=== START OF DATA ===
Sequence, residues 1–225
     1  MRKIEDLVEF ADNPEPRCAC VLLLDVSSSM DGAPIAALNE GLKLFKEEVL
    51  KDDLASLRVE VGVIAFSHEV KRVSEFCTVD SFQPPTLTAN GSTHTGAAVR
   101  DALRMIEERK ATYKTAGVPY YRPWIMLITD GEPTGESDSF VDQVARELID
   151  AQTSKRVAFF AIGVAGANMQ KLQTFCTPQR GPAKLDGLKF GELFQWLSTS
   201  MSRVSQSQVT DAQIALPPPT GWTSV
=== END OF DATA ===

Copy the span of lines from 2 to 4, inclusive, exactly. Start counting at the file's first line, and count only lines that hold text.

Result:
     1  MRKIEDLVEF ADNPEPRCAC VLLLDVSSSM DGAPIAALNE GLKLFKEEVL
    51  KDDLASLRVE VGVIAFSHEV KRVSEFCTVD SFQPPTLTAN GSTHTGAAVR
   101  DALRMIEERK ATYKTAGVPY YRPWIMLITD GEPTGESDSF VDQVARELID